CHEYENNE, Wyo. — President Barack Obama signed a bill this week hastening the addition of seven large tanker planes to the nation's rundown aerial firefighting fleet, at a cost of $24 million. The same day, two C-130 military transport planes designed for that very purpose sat on a tarmac in Cheyenne, shrouded in an eye-watering haze from a raging Colorado wildfire just a 15-minute flight away.
In all, eight workhorse C-130s stand ready to fight destructive wildfires around the country — but all are grounded due to rules governing the use of the nation's aerial firefighting resources. The new purchases, meanwhile, won't help firefighters battling destructive blazes in Colorado, New Mexico and elsewhere in the West for weeks, if not months.
"Getting into large, multiple wildfire scenarios, there's just not enough (aircraft) to go around in the current state," said Chuck Bushey, past president of the International Association of Wildland Fire, a professional association of people who fight wildfires.
Obama signed the bill Wednesday at the urging of Colorado's congressional delegation, which was quick to praise the move.
Three planes are supposed to be ready by mid-August: Two BAe-146s from Missoula, Mont.-based Neptune Aviation Services, Inc., and one BAe-146 from Minden, Nev.-based Minden Air Corp. The BAe-146s are jet-powered.
The three will bring the Forest Service fleet to 20 large tanker planes — a figure that includes the lease of eight planes on Monday from the state of California, the Canadian Interagency Fire Centre, and a private DC-10 based in California. Another 11 tankers, including the C-130s, can be called into service.
"This is a major milestone in our efforts to modernize the large air tanker fleet," Forest Service Chief Tom Tidwell said in a release about the President's bill signing.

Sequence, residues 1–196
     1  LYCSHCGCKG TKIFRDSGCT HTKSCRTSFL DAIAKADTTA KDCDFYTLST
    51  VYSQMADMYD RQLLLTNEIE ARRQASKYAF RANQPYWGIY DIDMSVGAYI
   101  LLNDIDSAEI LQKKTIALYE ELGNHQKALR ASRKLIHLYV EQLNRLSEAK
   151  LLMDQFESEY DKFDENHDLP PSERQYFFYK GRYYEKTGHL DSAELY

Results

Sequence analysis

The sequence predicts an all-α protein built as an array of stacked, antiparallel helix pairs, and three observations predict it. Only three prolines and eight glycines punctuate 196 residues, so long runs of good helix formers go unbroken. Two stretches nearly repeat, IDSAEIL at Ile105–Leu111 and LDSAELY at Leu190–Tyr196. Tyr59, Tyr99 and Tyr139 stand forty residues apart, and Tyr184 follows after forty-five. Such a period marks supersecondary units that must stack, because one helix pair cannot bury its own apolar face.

Still, the eight Air National Guard C-130 cargo planes fitted to drop slurry sit in Wyoming, Colorado, California and North Carolina. The Forest Service says it may request the eight planes only when all private tanker planes already are fighting fires or are unavailable for use. The C-130 crews insist they're ready to roll on 48 hours' notice.
"We have no limiting factors in terms of personnel or equipment to respond," said Deidre Forster, spokeswoman for the Wyoming National Guard.
The C-130 has long been a staple of the nation's military, carrying troops, equipment and disaster relief worldwide. It is praised for its agility and durability.
Starting in the 1970s, C-130s were fitted with Modular Airborne Fire Fighting Systems — devices that carry 3,000 gallons of fire-retardant slurry that can be dropped in 5 seconds while a C-130 swoops as low as 150 feet above the ground. By contrast, the new planes authorized by Obama can carry 2,400 gallons of slurry.
Last year, the C-130s flew wildfire missions in Arizona, New Mexico, Texas, Oregon and Mexico. Wyoming's MAFFS have been deployed as far away as Indonesia, in 1997, and most recently in Texas and Oregon last September.